Scot Coogan

REVIEW: Ace Frehley – Spaceman (2018)

ACE FREHLEY – Spaceman (2018 eOne)

Ace is back and he told you so!…with a new band.  It’s true.  One of the of the players on Ace’s new disc Spaceman (Scot Coogan) was in his band…until last week.  And that’s all we’re gonna say about that.  Anton Fig and Matt Starr of Mr. Big also handle drum chores.  Ace steps up with new songs, stacks of guitars, and bass too!

Perhaps the showcase moment of the new album is the first Simmons/Frehley co-write in forever, a stomper called “Without You I’m Nothing”.  Almost immediately, without even knowing the details, there is something “Simmons sounding” about it.  Probably because he’s also on bass.  There is something primitively unique about a Gene Simmons bass line.  Ace’s guitar solo, the first of the album, is pure wicked electricity, though he struggles a bit vocally.  It’s a solid opening though, followed by the old-styled “Rockin’ With the Boys”.  It sounds like something written for 1987’s Frehley’s Comet.  It’s all about the chorus.  Then Simmons is back with another co-write (no bass though) on “Your Wish is My Command”.  Ace’s guitars have a crunchy chime, and the focus is catchy melody.

Spaceman was preceded by an excellent EP, Bronx Boy with a brilliant title track.  “Bronx Boy” is back.  That’s Scot Coogan on drums and backing vocals…no wonder he’s pissed about being fired!  Make way for the crunchy stomp “Pursuit of Rock-N-Roll”!  You don’t have to read the credits to know that it’s Anton Fig playing that tricky rhythm.  His unique playing plus Ace’s crunch make this another album highlight (and a song that Ace wrote solo).  That’s followed by a song he didn’t write:  Eddie Money’s “I Wanna Go Back”!  When Ace covers a song, he tends to go for poppier things than you’re used to hearing from him.  Think “Do Ya” from Trouble Walkin’.  This one has the potential to be as fondly regarded.

“Mission to Mars” rocks.  It’s a wham-bam-thank-you-ma’am rocket ride to the red planet.  Another potential album highlight.  “Off My Back” (Anton Fig on drums) is really strong as well.

Finally (technically) the next in the instrumental “Fractured” series:  “Quantum Flux”.  Technically, because the word “Fractured” isn’t in the title, but it could be considered a spinoff of “Fractured Quantum” from Anomaly.  It’s heavier than the usual, so “Fractured” doesn’t quite suit it.  The acoustic guitars are only a small part of this wide-ranging instrumental.  Songs like “Quantum Flux” are levels above the rest musically.  It’s a tour-de-force.  Ace Frehley is an instrumental genius.  Yeah, we said it!

For Ace Frehley in 2018, Spaceman is a delight.  It is a true fact that the human voice changes as we age, and Ace’s is lower and less dynamic.  Instrumentally he’s never been better, and as a songwriter, he’s done well.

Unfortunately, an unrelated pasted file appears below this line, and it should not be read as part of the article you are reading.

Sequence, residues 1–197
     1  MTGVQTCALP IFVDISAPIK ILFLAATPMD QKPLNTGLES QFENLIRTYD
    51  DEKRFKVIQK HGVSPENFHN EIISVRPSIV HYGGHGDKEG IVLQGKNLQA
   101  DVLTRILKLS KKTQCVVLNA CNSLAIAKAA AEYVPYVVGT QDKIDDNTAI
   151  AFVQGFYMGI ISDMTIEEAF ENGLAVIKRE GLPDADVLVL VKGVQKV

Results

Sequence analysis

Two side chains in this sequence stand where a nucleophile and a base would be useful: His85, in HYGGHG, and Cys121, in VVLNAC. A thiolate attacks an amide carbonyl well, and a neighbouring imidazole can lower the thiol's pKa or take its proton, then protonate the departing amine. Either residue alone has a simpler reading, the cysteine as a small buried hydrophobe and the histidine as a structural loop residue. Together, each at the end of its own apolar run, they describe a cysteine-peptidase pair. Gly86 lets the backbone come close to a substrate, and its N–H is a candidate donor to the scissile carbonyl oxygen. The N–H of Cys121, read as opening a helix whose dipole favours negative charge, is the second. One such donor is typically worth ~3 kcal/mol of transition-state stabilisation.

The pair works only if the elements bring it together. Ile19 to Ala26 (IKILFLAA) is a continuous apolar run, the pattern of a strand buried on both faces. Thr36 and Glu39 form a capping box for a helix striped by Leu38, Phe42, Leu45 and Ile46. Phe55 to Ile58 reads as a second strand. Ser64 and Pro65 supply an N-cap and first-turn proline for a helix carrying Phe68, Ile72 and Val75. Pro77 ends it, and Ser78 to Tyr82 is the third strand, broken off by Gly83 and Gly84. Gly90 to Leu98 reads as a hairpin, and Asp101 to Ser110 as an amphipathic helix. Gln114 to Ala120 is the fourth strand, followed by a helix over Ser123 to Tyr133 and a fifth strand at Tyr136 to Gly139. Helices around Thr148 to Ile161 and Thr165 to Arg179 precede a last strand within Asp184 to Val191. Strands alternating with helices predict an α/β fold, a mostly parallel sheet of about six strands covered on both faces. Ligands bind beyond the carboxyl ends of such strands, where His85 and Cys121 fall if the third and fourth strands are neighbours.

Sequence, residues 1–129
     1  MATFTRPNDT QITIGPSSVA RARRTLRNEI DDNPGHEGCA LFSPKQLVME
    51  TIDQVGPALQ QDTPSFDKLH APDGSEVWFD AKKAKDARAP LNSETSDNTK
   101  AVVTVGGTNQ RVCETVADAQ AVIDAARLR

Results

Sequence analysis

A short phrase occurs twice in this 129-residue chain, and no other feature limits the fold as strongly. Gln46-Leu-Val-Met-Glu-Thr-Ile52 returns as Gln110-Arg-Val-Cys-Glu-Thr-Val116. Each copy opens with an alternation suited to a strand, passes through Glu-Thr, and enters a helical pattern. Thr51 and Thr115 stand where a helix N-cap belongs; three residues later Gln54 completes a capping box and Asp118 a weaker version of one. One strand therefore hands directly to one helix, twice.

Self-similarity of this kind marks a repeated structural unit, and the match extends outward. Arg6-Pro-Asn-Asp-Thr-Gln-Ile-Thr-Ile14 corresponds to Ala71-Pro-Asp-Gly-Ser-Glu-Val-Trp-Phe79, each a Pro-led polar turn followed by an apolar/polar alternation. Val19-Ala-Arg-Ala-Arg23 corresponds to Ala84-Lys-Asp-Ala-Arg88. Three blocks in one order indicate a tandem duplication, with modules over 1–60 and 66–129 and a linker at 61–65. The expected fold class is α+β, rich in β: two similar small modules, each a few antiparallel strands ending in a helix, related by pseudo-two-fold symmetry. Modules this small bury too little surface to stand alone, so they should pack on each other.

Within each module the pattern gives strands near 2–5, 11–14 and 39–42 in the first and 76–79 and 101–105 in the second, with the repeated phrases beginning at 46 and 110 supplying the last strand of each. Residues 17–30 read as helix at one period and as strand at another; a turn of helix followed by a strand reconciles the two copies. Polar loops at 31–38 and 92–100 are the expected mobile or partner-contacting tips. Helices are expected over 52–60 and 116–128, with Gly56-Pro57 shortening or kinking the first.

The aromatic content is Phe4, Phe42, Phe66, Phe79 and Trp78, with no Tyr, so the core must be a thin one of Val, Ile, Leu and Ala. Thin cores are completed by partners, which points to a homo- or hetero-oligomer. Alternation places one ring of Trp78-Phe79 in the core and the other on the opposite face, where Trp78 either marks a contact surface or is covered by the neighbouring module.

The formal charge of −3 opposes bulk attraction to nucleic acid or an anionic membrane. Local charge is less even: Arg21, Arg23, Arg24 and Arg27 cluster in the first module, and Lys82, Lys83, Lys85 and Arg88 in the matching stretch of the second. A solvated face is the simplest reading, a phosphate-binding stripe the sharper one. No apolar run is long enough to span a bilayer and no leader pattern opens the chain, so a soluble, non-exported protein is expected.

4.25/5 stars

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REVIEW: Ace Frehley – Origins Vol. 1 (2016)


Interview by Mitch Lafon

NEW RELEASE

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ACE FREHLEY – Origins Vol. 1 (2016 e One)

FACT #1:  Covers albums rarely have enough fuel in the tank to get an engine running.

FACT #2:  Ace Frehley has never done a covers album before.

The main thing is that Ace Frehley is still alive and making music.  He’s never been the most prolific writer in Kiss, hence this diverse assortment of covers.  In the pot are songs from bands that influenced Ace, a few Kiss covers (including one that Ace never played on originally), and a guest shot by Paul Stanley (among others).  Sometimes it’s hard to feign interest in a covers album, but these factors make Ace’s enticing.  Not to mention, it’s a clean and sober Ace playing these songs.

Ace and drummer Scot Coogan play everything on Cream’s “White Room”, with Coogan singing the bridges.  This guitar-heavy version takes what Clapton did, and “Aces” it up.  It’s guitar solo nirvana, though the Stones’ “Street Fighting Man” takes a few minutes to get to that same point.  Ace has always done well with Stones covers, and it seems he can identify with songs like “Street Fighting Man” due to his rough past.  It’s a fun excursion but the solos are the draw.  Imagine the Stones but with the bright fun Gibson stylings of Ace Frehley.  Hendrix’s “Spanish Castle Magic” is a natural choice since Ace’s speak-sing style always seemed influenced by Jimi.  Purists may scoff, but Ace’s take on “Spanish Castle Magic” is pretty enjoyable and guitar-heavy (John 5 on guest guitars).

The online hype focused on Paul Stanley’s return to Ace’s orbit.  While Ace plays all the guitars, Paul ably takes all the vocals on Free’s “Fire and Water”.  As Kiss fans are well aware, Paul has suffered from some serious vocal issues in the last few years.  Live, Paul can be a bit of a mess.  In the studio, he makes it work.  Paul lacks the power he had back in the Kiss days, but his singing here is great considering.  It’s over far too quickly.  Paul singing Rodgers is quite a moment.